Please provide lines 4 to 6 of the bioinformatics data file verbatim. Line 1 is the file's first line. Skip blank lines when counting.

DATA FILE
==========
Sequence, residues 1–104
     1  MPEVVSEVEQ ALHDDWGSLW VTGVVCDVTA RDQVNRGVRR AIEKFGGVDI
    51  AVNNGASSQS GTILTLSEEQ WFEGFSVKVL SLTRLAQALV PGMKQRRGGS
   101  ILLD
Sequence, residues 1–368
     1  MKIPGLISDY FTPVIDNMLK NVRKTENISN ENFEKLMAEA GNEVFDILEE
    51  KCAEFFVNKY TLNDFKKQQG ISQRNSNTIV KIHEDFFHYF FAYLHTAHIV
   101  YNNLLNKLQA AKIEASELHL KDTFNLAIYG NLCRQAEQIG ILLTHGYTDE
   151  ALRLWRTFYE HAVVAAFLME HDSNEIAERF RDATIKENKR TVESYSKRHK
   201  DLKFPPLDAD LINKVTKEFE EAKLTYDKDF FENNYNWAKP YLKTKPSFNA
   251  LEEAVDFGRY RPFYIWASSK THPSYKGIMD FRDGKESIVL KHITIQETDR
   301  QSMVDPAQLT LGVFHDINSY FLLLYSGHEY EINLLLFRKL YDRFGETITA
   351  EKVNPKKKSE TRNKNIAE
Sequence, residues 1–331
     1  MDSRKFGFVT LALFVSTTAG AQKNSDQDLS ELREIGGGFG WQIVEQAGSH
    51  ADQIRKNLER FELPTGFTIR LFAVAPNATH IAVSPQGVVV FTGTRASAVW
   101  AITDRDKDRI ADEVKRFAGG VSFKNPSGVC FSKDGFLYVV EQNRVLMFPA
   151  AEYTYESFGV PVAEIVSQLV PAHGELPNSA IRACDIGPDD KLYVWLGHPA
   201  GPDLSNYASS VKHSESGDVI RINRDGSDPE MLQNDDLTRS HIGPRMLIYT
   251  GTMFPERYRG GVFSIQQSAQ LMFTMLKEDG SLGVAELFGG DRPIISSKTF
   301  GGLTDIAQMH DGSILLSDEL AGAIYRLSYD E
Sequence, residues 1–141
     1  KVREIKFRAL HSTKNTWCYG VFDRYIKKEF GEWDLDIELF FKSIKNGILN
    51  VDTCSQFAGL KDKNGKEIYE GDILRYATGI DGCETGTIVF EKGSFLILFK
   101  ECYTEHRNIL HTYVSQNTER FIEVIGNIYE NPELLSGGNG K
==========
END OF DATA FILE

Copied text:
   101  ILLD
Sequence, residues 1–368
     1  MKIPGLISDY FTPVIDNMLK NVRKTENISN ENFEKLMAEA GNEVFDILEE